TL;DR: High-aerobic intensity endurance interval training is significantly more effective than performing the same total work at either lactate threshold or at 70% HRmax, in improving VO2max.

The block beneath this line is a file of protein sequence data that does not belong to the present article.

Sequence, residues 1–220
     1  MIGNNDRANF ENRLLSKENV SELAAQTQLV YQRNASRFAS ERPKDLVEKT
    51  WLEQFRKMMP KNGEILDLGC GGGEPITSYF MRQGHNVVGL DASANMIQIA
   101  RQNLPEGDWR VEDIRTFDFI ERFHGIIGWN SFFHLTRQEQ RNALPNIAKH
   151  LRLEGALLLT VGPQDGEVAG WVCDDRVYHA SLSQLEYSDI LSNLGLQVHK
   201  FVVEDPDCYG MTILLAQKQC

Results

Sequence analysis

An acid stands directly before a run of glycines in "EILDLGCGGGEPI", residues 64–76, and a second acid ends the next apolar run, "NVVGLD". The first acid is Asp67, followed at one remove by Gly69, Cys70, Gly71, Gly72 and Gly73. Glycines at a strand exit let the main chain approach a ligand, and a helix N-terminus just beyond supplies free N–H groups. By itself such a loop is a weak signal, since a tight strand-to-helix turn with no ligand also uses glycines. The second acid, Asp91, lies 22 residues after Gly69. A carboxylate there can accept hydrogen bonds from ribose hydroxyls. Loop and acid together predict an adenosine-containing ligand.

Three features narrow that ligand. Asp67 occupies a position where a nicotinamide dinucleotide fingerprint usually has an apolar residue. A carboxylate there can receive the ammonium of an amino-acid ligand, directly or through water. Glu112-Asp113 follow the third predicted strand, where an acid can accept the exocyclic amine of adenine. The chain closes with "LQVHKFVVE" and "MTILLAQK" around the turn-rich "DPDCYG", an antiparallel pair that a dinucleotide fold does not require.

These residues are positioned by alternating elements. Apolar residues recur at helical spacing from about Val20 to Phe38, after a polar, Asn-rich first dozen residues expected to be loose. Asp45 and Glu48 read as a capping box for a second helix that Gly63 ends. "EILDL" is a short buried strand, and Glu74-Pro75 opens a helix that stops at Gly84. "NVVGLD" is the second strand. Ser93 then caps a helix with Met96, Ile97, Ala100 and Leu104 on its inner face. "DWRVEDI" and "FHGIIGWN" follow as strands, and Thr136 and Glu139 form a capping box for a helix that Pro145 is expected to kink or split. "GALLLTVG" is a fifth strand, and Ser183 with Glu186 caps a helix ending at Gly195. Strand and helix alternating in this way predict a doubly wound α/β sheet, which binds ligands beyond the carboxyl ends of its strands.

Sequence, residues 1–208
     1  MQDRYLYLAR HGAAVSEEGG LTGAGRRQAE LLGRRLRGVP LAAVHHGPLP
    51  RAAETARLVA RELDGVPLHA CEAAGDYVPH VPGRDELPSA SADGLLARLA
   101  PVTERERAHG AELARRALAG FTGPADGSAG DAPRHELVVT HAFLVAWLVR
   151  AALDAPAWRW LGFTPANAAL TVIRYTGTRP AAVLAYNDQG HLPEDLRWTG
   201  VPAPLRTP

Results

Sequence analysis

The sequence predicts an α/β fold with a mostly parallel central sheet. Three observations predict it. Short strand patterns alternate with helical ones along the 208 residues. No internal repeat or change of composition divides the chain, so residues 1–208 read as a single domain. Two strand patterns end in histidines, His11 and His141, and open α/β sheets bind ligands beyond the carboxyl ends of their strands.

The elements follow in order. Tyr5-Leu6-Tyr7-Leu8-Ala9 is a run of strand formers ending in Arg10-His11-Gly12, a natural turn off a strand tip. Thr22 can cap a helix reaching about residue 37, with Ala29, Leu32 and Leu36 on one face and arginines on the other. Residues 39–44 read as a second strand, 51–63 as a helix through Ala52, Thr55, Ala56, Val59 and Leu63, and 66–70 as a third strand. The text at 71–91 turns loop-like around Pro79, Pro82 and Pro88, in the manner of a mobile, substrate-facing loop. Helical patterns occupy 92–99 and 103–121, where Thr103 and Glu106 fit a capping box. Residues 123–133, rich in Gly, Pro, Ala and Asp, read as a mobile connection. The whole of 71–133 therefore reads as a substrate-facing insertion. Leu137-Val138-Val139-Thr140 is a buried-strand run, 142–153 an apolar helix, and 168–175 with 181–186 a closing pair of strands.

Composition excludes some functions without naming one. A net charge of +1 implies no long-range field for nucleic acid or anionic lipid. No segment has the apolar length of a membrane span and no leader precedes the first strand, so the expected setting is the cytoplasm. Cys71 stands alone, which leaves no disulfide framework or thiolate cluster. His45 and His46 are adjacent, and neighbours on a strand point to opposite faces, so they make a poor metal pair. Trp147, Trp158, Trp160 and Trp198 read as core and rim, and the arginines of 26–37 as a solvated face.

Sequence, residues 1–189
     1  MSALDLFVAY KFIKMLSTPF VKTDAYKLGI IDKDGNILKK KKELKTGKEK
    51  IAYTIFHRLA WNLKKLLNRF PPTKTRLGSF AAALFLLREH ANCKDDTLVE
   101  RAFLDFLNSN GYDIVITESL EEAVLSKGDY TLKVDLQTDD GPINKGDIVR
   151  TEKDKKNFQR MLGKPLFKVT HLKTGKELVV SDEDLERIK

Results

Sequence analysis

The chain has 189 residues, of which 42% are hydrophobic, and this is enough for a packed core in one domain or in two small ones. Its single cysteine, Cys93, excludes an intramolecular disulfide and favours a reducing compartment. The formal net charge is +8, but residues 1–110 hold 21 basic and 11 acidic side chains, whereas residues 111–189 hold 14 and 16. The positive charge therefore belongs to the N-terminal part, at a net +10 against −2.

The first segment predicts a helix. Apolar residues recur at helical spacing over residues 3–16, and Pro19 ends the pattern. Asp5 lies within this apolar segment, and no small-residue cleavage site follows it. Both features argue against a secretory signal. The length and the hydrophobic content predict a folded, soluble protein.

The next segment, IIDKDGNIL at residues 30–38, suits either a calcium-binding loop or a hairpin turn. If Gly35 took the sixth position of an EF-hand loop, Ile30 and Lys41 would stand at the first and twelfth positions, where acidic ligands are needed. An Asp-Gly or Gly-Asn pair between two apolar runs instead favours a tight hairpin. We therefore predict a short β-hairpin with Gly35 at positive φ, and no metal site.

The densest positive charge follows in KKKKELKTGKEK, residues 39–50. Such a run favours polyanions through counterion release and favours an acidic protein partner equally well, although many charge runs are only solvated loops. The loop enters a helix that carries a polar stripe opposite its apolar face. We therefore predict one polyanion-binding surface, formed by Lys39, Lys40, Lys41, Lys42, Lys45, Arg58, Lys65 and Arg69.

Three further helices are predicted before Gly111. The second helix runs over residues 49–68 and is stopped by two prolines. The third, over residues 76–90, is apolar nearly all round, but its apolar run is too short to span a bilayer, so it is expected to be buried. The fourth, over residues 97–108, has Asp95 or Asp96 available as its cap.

Abstract: HELGERUD, J., K. HKYDAL, E. WANG, T. KARLSEN, P. BERG, M. BJERKAAS, T. SIMONSEN, C. HELGESEN, N. HJORTH, R. BACH, and J. HOFF. Aerobic High-Intensity Intervals Improve VO2max More Than Moderate Training. Med. Sci. Sports Exerc., Vol. 39, No. 4, pp. 665-671, 2007. Purpose: The present study compared the effects of aerobic endurance training at different intensities and with different methods matched for total work and frequency. Responses in maximal oxygen uptake (VO2max), stroke volume of the heart (SV), blood volume, lactate threshold (LT), and running economy (CR) were examined. Methods: Forty healthy, nonsmoking, moderately trained male subjects were randomly assigned to one of four groups:1) long slow distance (70% maximal heart rate; HRmax); 2) lactate threshold (85% HRmax); 3) 15/15 interval running (15 s of running at 90-95% HRmax followed by 15 s of active resting at 70% HRmax); and 4) 4 4 min of interval running (4 min of running at 90-95% HRmax followed by 3 min of active restingat 70% HRmax). All four training protocols resulted in similar total oxygen consumption and were performed 3 dIwk j1 for 8 wk. Results: High-intensity aerobic interval training resulted in significantly increased VO2max compared with long slow distanceandlactate-thresholdtrainingintensities(P G 0.01). The percentage increases for the 15/15 and 4 4 min groups were 5.5 and 7.2%, respectively, reflecting increases in VO2max from 60.5 to 64.4 mLIkg j1 Imin j1 and 55.5 to 60.4 mLIkg j1 Imin j1 . SV increased significantly by approximately 10% after interval training (P G 0.05). Conclusions: High-aerobic intensity endurance interval training is significantly more effective than performing the same total work at either lactate threshold or at 70% HRmax, in improving VO2max. The changes in VO2max correspond with changes in SV, indicating a close link between the two. Key Words: LACTATE THRESHOLD, AEROBIC POWER, 4 4-MIN INTERVALS, 15/15 TRAINING, STROKE VOLUME, BLOOD VOLUME